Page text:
During Corona quarantine I designed this custom PCB. It uses 6x IPT007N06N mosfets. They have 0.66mOhm resistance compared to IRF7749 1.1mOhm (datasheet parameters at 10V gate drive)
Used mosfets are so powerful that at 50A continous board should be able to run without any heatsink at all.
Supply bypass capacitors (up to 60V): 3x 63V 680uF electrolytic + 250uF ceramic. Also includes extreme amount of ceramic capacitors next to CPU, current amplifiers, mosfet drivers and voltage regulators. Board is designed to have minimal parasitics with isolated ground (separate power GND and signal GND connected in one spot, near DC-DC regulator), lots of bypass caps everywhere and VCC and GND plane in signal section for very low noise
3x AD8418 current amplifiers + 6x 1 mOhm current resistors (0.5 mOhm per phase)
6x IPT007N06N mosfets
3x UCC27211 (or MP18024) mosfet drivers. Doesn´t blow up like DRV8301/02. It has higher drive current + will survive high voltage spikes from BLDC motor
1x MP4569 75V DC-DC regulator (12V for mosfet drivers)
2x LM1117 linear voltage regulators (3.3V and 5V post-regulators from 12V)
1x NRF24L01 (optional)
1x SN65HVD256 CAN-bus driver
Mosfet + drivers
Photos of first hand soldered PCB. I don´t have solder stencil yet, I will order it when everything on board is tested. I am still waiting for some parts to arrive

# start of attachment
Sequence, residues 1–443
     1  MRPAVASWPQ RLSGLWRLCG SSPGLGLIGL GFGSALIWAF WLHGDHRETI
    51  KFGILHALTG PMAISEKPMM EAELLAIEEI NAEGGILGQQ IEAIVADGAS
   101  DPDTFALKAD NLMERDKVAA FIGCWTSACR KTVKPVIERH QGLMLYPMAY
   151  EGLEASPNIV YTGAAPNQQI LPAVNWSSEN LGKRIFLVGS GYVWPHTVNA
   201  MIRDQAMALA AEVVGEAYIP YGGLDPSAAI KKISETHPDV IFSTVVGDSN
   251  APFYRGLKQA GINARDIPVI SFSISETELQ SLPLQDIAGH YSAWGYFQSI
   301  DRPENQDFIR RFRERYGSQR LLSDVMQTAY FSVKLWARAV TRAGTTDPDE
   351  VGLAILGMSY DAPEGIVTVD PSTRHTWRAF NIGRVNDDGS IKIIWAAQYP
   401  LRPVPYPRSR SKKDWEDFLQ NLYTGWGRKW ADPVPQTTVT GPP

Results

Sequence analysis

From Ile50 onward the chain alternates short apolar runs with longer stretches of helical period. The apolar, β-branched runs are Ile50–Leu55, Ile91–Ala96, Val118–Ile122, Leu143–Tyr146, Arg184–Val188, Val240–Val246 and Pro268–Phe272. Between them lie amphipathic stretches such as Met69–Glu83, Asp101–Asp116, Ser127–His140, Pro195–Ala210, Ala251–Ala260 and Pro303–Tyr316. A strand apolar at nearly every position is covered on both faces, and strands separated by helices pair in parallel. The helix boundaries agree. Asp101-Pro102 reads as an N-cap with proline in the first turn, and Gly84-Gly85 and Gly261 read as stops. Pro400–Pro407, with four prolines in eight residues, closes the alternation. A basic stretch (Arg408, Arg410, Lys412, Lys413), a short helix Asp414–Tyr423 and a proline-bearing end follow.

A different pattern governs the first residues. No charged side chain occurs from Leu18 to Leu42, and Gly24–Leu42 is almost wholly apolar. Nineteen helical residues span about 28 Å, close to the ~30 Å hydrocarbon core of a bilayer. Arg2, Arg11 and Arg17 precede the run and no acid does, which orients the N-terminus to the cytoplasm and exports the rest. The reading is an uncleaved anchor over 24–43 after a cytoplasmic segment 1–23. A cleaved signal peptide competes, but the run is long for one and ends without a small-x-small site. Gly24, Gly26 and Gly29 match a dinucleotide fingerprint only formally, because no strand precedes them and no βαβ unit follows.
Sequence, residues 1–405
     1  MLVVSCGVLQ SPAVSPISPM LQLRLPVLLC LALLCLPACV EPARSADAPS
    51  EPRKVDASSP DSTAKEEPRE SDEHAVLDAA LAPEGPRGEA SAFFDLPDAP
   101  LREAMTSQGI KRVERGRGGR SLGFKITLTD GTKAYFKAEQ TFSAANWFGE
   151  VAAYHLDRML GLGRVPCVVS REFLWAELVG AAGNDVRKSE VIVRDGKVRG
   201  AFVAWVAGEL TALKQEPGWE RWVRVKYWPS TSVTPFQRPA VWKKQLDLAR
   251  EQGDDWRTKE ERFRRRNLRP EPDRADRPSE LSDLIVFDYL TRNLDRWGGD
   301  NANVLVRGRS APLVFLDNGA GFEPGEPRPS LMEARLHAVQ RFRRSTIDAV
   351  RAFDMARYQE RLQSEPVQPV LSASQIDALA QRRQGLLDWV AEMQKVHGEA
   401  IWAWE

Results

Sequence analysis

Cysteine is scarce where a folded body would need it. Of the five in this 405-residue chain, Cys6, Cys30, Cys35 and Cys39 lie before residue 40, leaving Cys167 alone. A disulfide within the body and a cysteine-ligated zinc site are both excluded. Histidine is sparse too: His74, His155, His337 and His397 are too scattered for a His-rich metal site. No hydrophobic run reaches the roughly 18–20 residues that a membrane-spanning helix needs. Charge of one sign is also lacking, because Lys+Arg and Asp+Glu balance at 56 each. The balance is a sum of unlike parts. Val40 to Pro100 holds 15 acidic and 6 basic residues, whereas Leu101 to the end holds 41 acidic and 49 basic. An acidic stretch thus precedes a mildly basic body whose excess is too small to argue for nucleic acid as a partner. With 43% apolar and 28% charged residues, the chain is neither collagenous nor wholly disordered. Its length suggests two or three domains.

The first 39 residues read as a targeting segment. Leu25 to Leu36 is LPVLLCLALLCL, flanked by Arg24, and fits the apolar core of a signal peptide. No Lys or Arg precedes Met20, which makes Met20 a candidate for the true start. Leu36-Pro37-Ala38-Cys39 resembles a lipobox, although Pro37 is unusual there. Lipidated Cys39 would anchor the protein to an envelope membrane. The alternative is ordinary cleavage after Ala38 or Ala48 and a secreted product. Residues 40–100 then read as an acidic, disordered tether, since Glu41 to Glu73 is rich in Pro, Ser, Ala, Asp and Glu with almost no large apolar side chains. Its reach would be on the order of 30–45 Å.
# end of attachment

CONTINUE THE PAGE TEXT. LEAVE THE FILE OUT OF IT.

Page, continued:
PCB price (JLCPCB): 9€ per 5 pcs, 4-layer, 71x65mm. Shipping was 10€ via DHL to europe, total 19€ for 5pcs. I received 6 pcs, but 2 pcs had a lot of scratches on soldermask, resulting in only 4 usable PCBs
I will calculate price of components on board. Most expensive are 6x mosfets + 1x STM32 CPU. everything else is kinda cheap
That looks quite nice. You’ll no doubt be fielding multiple questions soon.
Welcome to esk8news forum!
Exciting stuff! Is this a fun side project for you, or are you thinking of mass producing these if all goes well?
And another question, not directly targeted at you, but I guess other people who have been designing vesc based ESCs:
Why hasn’t anyone chosen these mosfets in the past? (IPT007N06N) Are they really new / hard to source / expensive / have other downsides?
Looks great! Keen to see further results
Following this topic
Always great to see new things
I’m so glad we live in a world where people are talented enough to do stuff like this, and can share their projects for us all to see and participate with.
Welcome! Nice project! Keep going!
One thought to the optional nrf module.
I would use one that is compatible to pair with the mobile vesc tool app if it doesn’t and you connect the nrf dongle which is compatible externally, this one will very like don’t work.
Welcome, and great progress so far! You’ve made some nice component and layout optimization choices.
Looking forward to seeing how these turn out for you.
I understand zero about pcb and electronics BUT it looks good welcome
It’s easier to cool directfets. These kind of rely on having enough pcb area to dissapate the heat.